Maybe you should make this book the apologizes you wish you could have understood how to make. To the ladies involved and to the person you used to be and destroyed to become the person you are now.

It will probably not get you to publishable, it might get you to honest though. One you have an honest core... then you have something real.

But something you write for me? It will probably never feel right for either one of us.
Jan. 12th, 2015 11:21 pm (UTC)
steps to change
I think it takes a special person or at least a special awareness of yourself to make a conscious decision to make a large change in so much of you life. What were those 'seeds' (as someone above mentioned) and was there something about the combination of them that spoke to you about a change being needed. Not just a 'new, shiny' motivation for change, but a thoughtful decision based upon all of those 'seeds' that gave the impetus to make a change.
Many changes in peoples' lives come from the pressure cooker exploding; being able to recognize the building pressure is key to doing a change like this in a thoughtful, caring way before the explosion. What about YOU made those particular seeds drive you to change? How can people recognize when the pressure gets too high that they need to do something constructive rather than destructive to the people involved. How did you weigh the trade-offs in changing vs striking out into this new territory. What MADE THE CASE for you to do it? How did you work out how to minimize the pain to everyone involved; did you do that jointly or mostly in your own mind?
Talk to us about how your communication processes with the important people in your life changed over time; when could you (or should have ) start to feel that you and the others were 'holding back' and starting to live behind a mask? What were the things that pushed each of you behind a mask (assuming that happened); 'I wish you wouldn't...', 'no, I don't want...', etc. Denying someone close to you the space to do what they want forces them behind a mask; those things don't go away.

A bit of a ramble, but Good luck!
Jan. 13th, 2015 06:41 pm (UTC)
Reject your reality
What comes to mind for me is the quote popularised by Adam Savage on Mythbusters: I reject your reality and substitute my own.

As others have said already, clearly at the beginning you did try to fit yourself into the mould that society said was The Right Way To Live (thou shalt marry and be monogamous, and success is defined as the relationship killing one of you). Now you've written your own reality -- and described that "new reality" in detail both online and in a book.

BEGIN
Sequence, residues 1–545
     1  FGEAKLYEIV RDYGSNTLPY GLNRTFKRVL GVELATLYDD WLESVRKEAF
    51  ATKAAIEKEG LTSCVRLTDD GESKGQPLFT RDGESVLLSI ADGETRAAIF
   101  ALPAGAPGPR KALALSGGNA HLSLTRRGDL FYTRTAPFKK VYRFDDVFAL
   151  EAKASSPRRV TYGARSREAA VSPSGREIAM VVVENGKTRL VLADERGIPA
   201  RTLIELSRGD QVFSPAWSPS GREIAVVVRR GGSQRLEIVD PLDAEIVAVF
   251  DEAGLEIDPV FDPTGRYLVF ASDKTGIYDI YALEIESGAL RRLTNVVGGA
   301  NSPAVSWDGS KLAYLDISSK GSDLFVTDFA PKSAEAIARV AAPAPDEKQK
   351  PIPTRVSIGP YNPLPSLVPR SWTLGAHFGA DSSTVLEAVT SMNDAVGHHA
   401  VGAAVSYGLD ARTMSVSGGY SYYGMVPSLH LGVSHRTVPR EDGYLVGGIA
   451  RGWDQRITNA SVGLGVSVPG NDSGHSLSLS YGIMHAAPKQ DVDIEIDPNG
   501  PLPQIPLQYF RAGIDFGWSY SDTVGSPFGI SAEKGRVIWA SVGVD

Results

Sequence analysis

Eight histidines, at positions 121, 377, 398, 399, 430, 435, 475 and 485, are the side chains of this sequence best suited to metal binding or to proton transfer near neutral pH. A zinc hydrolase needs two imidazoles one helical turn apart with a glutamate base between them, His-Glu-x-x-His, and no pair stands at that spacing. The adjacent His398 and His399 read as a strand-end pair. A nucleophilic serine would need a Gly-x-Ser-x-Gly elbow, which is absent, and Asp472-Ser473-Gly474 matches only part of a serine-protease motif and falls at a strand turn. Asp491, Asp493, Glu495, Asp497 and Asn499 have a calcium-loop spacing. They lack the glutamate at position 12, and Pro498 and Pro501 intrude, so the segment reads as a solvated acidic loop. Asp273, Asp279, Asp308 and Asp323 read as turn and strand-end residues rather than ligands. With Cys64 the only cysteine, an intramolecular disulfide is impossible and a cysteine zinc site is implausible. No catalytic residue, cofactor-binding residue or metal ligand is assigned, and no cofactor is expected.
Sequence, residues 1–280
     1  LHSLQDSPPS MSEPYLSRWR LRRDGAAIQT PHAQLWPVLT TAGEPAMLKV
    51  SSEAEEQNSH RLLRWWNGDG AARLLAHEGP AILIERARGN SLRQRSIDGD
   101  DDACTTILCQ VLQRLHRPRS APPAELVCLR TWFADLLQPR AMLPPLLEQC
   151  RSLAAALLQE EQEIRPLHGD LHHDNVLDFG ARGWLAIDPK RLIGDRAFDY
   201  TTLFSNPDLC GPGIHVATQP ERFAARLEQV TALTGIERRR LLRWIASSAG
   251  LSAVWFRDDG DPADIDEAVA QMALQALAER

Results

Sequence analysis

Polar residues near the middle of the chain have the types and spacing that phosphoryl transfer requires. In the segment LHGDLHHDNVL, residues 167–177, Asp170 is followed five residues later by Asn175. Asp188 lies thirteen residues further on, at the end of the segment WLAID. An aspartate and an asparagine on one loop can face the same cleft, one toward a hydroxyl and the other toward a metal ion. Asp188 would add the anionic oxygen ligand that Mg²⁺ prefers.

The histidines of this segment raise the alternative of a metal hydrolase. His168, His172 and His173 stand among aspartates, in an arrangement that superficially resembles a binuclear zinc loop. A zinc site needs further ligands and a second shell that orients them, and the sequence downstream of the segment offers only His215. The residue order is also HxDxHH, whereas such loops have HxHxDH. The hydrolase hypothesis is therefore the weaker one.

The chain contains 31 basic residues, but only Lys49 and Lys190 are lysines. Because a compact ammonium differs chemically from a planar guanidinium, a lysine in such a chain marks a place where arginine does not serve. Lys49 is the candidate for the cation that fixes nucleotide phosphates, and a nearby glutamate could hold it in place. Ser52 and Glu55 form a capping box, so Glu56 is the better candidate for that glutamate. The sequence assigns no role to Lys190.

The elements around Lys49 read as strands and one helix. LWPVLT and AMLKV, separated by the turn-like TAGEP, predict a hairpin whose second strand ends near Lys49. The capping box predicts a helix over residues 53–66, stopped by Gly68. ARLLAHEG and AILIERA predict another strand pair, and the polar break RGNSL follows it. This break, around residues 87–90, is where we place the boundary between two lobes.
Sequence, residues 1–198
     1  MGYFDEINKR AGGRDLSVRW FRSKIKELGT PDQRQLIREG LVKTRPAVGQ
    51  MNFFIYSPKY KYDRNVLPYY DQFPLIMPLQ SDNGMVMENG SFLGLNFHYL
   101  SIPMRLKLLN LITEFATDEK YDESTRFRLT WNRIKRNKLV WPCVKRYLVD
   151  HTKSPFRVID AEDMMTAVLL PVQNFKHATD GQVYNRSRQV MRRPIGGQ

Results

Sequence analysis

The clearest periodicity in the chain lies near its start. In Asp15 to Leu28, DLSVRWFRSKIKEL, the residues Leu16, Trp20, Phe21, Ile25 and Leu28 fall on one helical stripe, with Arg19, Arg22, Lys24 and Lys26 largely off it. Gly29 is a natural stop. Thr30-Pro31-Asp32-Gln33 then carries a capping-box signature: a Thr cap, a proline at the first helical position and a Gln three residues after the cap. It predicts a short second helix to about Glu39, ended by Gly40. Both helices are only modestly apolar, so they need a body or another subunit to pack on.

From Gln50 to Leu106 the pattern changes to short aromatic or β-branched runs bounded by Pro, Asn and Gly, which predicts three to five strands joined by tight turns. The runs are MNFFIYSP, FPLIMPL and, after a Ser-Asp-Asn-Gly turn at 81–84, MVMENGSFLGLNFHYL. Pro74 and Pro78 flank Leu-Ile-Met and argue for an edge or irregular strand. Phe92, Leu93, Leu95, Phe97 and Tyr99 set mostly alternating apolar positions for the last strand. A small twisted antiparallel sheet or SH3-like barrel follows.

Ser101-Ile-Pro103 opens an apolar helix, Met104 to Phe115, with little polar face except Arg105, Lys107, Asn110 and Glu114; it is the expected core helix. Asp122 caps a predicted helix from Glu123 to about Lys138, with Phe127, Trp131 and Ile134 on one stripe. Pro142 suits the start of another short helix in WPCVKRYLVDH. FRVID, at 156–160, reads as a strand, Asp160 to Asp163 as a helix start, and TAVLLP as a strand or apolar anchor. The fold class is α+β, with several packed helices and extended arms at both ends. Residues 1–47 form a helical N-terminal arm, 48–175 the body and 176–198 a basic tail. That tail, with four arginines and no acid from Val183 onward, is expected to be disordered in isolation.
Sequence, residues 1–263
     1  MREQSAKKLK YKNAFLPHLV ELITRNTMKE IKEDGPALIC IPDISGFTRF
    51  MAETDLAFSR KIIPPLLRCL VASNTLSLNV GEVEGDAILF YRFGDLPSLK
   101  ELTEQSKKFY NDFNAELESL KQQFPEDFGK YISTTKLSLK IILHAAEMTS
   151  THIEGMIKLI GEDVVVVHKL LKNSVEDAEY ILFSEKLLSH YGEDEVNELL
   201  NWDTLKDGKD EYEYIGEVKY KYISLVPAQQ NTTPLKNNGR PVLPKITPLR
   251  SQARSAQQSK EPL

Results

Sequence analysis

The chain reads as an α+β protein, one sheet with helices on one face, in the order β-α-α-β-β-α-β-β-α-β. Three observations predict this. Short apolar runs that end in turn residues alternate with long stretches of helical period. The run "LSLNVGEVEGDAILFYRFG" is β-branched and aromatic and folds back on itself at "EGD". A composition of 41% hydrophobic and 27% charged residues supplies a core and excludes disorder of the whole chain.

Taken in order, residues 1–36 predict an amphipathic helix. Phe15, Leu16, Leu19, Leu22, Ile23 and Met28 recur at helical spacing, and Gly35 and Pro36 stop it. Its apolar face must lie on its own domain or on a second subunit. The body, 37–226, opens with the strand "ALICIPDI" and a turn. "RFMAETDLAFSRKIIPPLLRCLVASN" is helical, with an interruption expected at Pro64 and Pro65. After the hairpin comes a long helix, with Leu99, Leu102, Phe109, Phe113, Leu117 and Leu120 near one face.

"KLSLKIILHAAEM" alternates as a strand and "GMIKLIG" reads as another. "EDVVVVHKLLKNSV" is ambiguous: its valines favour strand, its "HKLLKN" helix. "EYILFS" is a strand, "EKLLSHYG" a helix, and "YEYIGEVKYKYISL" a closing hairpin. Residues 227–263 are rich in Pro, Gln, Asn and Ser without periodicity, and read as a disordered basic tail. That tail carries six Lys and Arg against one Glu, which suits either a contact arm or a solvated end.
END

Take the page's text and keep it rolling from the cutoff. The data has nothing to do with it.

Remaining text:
Clearly this was not an overnight transformation brought upon by being struck by lightning/bitten by a spider/$OTHER_SUPERHERO_METAPHOR. Instead it clearly comes from a place of deconstructing your model of the world around you, and rebuilding that model anew in a different pattern.

I think there are many that wish they lived in a different reality. But do not always realise that to a lesser or greater extent that "different reality" is theirs to construct from the pieces they already have, the choices they make, and the model through which they perceive the world. Or maybe do realise that, but it looks like an "impossible" thing to do given the context of their lives, or perceived impact on others around them.

So I want to hear about that process of deconstruction of "reality" and rebuilding it in a form that was better suited. Of turning the "shell" that was your world from being constraining into a shell that protects the way you want to live. And about the context in which that deconstruction/reconstruction was happening.

Jan. 14th, 2015 04:18 am (UTC)
-I love reading detailed descriptions of people's most personal emotions, and how those emotions interact with the situations they are in. I'm nosy like that. And it helps me understand humans in general a bit better.

-In your writing, I always perk up a bit when you share an anecdote from your actual life. But I often wish the anecdotes continued on past where you stopped telling them.

-Details are key to understanding something novel. Sometimes such details aren't always included in polyamory writings. Things like who was holding hands with whom in front of which other people, and how this was perceived by all and how they felt about it.

-I feel that the core of my personality has been pretty stable since I was 13 or so. (I am in my 30s.) So I am very very interested to get a glimpse of what it feels like to have a majorly self-changing journey in one's adult life.

-Did I mention I'm nosy? I want to read your story because I want to know stuff about you in particular. Because I've been reading your writings for awhile and want to have a clearer picture of you in my head. Basically the same reason I read interviews where celebrities talk about their hobbies and their families.

-The concept of game-changers is fascinating to me and I'm looking forward to reading more about them. (Although I am probably much more in favor of taking deliberate steps to reduce their likelihood than you are. For instance, I actively avoid certain hobbies that I suspect would be so alluring and involving for me that I would eventually end many of my current commitments in order to pursue those hobbies.)
Jan. 14th, 2015 04:00 pm (UTC)
This isn't a nice thing to say, but it's rather relevant:

I want to read it because you deserve a chance to tell your side of the story. Game changers sound like an excuse to break promises, and tell others that they're unenlightened and lack emotional integrity for wanting you to keep your word. If they're not an excuse, if they're real, momentous things that deserve disruption, the book will prove so.
( 10 comments — Leave a comment )